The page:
An OKC Field of Dreams and ghosts of baseball past

fieldofdreams
A group of OKC adults turned the Northeast High School baseball field into their own ‘Field of Dreams’ for an afternoon

Moneyball is one of my favorite movies. It shows the impact that using computer statistics to drive player development had on Major League baseball and the Oakland Athletics in the early 2000s.

The movie features a host of memorable scenes, including one where Oakland outfielder David Justice asks new first baseman Scott Hatteberg what he feared most at the position.

Hatteberg had been a catcher all of his professional career, and to that point had never played even an inning at first base.

“A baseball hit in my general direction,” was Hatteberg’s honest reply to Justice’s question.

That’s exactly how I felt Sunday afternoon as I stood in right field at the Northeast High School baseball field.

I was there at the invitation of my friend, Russ Florence, who invited a group of fellow adults to “have a catch” with him.  A lifelong baseball fan, Russ began his informal monthly “catch” several months ago.

It was sort of a Field of Dreams-come-to-real-life opportunity for those of us who once played the game or have followed it all of our lives.

The baseball dreamers who came out Sunday included several guys my age or older, a few younger and a couple of women who showed more agility than most of their male counterparts.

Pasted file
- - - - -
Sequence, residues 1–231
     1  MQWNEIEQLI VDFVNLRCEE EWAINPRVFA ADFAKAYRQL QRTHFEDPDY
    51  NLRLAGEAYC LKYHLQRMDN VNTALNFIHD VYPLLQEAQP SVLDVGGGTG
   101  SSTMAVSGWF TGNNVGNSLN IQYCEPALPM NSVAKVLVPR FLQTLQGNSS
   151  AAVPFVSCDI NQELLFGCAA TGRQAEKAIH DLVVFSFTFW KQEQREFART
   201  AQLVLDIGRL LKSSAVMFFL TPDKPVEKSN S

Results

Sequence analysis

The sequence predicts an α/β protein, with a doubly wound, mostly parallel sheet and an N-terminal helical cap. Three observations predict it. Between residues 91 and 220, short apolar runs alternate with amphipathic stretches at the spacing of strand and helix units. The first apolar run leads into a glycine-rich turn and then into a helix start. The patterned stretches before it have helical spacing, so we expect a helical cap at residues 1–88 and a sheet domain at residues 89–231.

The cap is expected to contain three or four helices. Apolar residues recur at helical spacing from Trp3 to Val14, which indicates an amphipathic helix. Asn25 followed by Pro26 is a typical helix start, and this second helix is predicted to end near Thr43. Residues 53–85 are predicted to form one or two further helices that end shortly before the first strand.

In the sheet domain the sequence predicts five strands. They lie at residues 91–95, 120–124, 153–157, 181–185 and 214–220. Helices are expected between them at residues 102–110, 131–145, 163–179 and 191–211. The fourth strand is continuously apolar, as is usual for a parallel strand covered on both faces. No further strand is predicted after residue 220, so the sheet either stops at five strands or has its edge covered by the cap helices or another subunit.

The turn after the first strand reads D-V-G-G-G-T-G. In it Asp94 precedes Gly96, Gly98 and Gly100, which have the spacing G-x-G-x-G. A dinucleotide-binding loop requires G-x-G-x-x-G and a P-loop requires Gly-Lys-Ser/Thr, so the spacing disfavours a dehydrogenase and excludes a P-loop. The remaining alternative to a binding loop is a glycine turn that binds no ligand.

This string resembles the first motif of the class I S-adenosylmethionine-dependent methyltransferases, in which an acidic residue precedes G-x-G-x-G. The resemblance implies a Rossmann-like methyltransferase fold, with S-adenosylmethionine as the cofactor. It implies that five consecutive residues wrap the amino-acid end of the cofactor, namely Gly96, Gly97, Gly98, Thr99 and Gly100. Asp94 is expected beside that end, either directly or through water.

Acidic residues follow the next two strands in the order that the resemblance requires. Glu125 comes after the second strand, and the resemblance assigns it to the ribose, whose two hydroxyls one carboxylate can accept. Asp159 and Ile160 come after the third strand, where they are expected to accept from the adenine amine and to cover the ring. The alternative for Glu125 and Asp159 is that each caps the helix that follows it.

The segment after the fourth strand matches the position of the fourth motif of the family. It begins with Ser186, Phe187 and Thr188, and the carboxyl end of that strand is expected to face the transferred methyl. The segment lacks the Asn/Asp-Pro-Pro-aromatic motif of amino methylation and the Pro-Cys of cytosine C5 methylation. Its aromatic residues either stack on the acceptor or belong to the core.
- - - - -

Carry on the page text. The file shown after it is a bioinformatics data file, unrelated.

I dug my old baseball glove out of the closet and joined about a dozen others at the Northeast field.

Unfortunately, the experience revealed exactly how the passage of time has robbed me of athletic ability, real or imagined.

Once upon a time, I thought of myself as a pretty good baseball player. Now that was in Little League in College Station, Texas, followed by Pony League as a 13- and 14-year-old.

Here’s how it went five decades later on a warm November afternoon beneath a bright blue sky.

First, we warmed up by playing catch with a partner about 40 feet away. I put most of my throws into the ground in front of him or several feet to his left.

My shoulder ached after about 15 minutes. My glove hand screamed with pain from catching baseballs in the heart of the mitt.

Then came the real embarrassment. I stood in right field as Russ hit flies and grounders to players stationed at infield and outfield positions.

He hit one in my general direction.

My feet felt like they were in quicksand as I “ran” toward it. I could not bend over far enough to even make a stabbing attempt at a catch.

I hung my head in shame. No one seemed to notice.

Russ hit about three other balls in my direction. I managed to catch one on the bounce barehanded, but caught none before they hit the ground. I decided if a ball wasn’t hit within three feet of where I was standing, I had no chance.

But the day wasn’t a total loss. I had the opportunity to visit with some old — and new — friends. The weather was pleasant watching from the dugout, where I spent much of my time.

“It really scratches an itch for a lot of people,” Russ told me afterward. “None of us is as good as as we once were — or as good as we THINK we once were. I’m glad you were there.”

Thank you, Russ, for inviting this ‘ghost’ of a former player to experience your OKC version of the Field of Dreams.

Even if it brought home a sobering reality of aging.

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jimstafford

I'm an Oklahoma City-based freelance writer with interests in Oklahoma startup community, Apple Inc, OKC Thunder & Texas Rangers.

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